Iraq #6: Return to Mosul

by Marilyn Borst

Mosul. The name does not immediately conjure up frightening images for me as it does for most.

Yes, I am well aware of its recent history: of its gradual takeover by fundamentalists when the U.S.-led war in 2003 destabilized Iraq, of the subsequent terror wrought by ISIS upon Christians and moderate Muslims who had called it “home” and the of the “battle for Mosul” which defeated ISIS there but decimated a large part of the historic Old City.

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Iraq #5: Churches with a Mission

by Mike Kuhn

Can you name any of the earliest missionaries to China or India? Hudson Taylor? William Carey?

Aside from the Apostle Thomas, who is thought to have taken the gospel to India, the first missionaries to these areas went from Iraq. The monasteries of the ancient Church of the East spread along the silk road until they reached India and China.

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Iraq #4: Iraq is Holy Ground

by Tony Lorenz

“Put off thy shoes from off thy feet, for the place whereon thou standest is holy ground.”  Exodus 3:5

Iraq is holy ground. I realize this more and more each hour, each day, each trip. My first trip to Iraq was a year ago, a whirlwind of visits and flights punctuated by prayers, tears and amazing meals.

This visit has been no less a whirlwind but with fewer flights. Sunday morning did, however, find us on a big yellow bus headed from Erbil to Kirkuk in order to visit and worship with our brothers and sisters in the Presbyterian church.

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Iraq #3: Our Partner Churches

by Chris Weichman

When we talk about institutions, the church or places like the United States or the Middle East often we paint pictures with broad strokes; as if every church or every area in a country is the same. One of the realizations of this trip is that the church in the Middle East is as diverse as one could imagine. The great blessing of our time together is hearing from the leaders in our partner churches.

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Iraq #2: We Are Here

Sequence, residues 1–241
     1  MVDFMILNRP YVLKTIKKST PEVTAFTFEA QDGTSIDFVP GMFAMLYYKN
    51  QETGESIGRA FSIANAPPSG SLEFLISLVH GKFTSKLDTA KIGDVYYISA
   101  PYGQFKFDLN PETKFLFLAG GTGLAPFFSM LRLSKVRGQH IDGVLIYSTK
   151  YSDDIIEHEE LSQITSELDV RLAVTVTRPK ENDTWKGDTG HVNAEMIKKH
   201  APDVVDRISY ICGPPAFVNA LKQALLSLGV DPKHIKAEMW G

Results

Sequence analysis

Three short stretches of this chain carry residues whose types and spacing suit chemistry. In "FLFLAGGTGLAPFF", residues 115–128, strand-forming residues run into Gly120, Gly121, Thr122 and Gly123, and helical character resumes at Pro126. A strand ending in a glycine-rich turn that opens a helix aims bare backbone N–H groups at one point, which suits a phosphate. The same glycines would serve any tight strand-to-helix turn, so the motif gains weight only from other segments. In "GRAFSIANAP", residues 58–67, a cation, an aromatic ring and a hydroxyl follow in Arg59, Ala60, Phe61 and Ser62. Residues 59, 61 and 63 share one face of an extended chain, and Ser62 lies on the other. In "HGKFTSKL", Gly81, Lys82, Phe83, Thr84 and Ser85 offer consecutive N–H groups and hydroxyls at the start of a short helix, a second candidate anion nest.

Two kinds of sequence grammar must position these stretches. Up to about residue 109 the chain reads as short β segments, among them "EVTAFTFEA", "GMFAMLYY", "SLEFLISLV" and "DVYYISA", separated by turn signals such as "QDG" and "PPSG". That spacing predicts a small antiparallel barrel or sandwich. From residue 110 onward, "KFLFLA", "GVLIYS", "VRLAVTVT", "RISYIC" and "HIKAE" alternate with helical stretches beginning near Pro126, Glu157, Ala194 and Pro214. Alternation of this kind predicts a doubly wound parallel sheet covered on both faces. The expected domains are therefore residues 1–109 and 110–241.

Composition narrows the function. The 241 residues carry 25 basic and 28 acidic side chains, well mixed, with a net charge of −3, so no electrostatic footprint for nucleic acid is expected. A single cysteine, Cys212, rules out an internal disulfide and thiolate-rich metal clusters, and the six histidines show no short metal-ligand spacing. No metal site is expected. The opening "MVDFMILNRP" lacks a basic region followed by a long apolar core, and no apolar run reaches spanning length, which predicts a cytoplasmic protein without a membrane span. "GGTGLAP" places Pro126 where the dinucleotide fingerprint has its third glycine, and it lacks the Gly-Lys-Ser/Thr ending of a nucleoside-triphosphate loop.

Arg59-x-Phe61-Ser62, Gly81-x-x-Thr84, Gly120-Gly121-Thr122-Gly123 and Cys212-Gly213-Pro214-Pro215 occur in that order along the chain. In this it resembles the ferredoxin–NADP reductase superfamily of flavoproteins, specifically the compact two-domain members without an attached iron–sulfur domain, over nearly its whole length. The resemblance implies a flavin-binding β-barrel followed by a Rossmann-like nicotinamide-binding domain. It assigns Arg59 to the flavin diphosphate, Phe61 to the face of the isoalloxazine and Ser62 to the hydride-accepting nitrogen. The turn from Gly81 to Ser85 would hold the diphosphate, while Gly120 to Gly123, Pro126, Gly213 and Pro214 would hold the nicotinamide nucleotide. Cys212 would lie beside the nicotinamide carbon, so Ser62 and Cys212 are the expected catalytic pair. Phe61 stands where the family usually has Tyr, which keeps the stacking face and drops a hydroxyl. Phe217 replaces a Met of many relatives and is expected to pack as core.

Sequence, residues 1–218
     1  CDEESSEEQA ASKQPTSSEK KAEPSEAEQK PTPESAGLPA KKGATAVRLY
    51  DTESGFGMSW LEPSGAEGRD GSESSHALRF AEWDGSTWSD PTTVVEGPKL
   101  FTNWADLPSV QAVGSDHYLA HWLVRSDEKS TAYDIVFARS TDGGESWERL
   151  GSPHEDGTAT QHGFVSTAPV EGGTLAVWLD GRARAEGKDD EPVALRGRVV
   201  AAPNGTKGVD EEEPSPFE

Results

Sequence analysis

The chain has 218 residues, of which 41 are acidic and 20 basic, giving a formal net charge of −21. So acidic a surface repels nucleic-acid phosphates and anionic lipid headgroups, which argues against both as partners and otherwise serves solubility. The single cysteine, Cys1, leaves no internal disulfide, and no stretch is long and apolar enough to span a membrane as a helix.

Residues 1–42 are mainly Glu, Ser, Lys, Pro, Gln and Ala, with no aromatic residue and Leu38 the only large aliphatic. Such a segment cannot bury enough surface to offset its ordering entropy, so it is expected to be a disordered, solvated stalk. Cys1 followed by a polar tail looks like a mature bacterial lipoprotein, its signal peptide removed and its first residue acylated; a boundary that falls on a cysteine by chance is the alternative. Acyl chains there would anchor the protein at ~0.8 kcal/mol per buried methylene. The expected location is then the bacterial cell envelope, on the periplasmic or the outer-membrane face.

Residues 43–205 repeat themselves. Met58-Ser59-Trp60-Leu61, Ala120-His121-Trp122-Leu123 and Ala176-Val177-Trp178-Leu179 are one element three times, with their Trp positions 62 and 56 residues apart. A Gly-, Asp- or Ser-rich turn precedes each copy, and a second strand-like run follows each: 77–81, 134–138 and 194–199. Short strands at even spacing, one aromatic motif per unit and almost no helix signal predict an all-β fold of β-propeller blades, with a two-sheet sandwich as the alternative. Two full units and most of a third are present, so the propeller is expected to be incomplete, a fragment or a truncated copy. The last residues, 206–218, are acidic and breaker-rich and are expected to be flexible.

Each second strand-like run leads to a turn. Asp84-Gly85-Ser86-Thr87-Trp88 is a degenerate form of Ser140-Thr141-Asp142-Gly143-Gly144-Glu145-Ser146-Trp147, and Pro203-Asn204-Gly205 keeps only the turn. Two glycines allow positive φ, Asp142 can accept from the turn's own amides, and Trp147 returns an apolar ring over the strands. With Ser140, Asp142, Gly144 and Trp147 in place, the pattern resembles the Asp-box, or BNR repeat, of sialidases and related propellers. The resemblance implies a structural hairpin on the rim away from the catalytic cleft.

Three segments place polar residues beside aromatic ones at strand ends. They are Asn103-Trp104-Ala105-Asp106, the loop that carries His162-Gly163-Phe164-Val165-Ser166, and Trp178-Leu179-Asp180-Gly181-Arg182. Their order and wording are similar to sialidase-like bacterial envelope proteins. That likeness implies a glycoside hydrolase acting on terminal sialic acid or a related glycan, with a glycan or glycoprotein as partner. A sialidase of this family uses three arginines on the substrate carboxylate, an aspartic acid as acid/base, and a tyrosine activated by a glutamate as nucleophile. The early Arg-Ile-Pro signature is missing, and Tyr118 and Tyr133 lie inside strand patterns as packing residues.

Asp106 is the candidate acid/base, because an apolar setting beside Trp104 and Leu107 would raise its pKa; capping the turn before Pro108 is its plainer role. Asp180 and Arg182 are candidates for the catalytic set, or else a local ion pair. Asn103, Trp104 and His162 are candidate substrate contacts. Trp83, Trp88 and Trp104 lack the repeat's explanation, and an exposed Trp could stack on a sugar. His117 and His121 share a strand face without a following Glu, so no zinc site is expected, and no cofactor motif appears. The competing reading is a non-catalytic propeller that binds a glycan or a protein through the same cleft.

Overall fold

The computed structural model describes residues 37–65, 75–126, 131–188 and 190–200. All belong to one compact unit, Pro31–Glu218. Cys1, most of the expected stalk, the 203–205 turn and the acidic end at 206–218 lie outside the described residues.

by Mark Mueller

What does the church in the Middle East have to teach Christians in the United States, in any land for that matter? It is a question that I have wrestled with as I have stepped into a complex land with many layers of joy, struggle, despair and hope. Even as this consultation begins today, the Turkish army bombs northeast Syria and moves its troops into some of the towns and villages of people attending the conference. I was wondering today how one attends a conference with war in your neighborhood and news texted from loved ones and friends of an occupying force driving its tanks down Main Street. But we are HERE. We are HERE to look at the many layers of life in the Middle East and learn from the faithful remnant of Christians who have not migrated to safer lands but have endured Saddam, ISIS, invasion and sanction all the while remaining the faithful church to spread the Gospel in these parts.

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Iraq #1: Friends in the Middle East

by Jack Baca

A bit less than four years ago I came on my first Outreach Foundation trip into the Middle East. This makes trip number five. I could hardly be more excited. Why?

There are lots of things to love about this region of the world. The history here is, of course, amazing. For folks of faith like me that goes without saying. How could you not be eager to get back to the land of Abraham, Moses, Jesus, and Paul? But there’s also so much great art, and archaeology, and the story of the beginning of human civilization. The food is great, too, and there are hauntingly beautiful vistas often magnified by ethereal sunsets.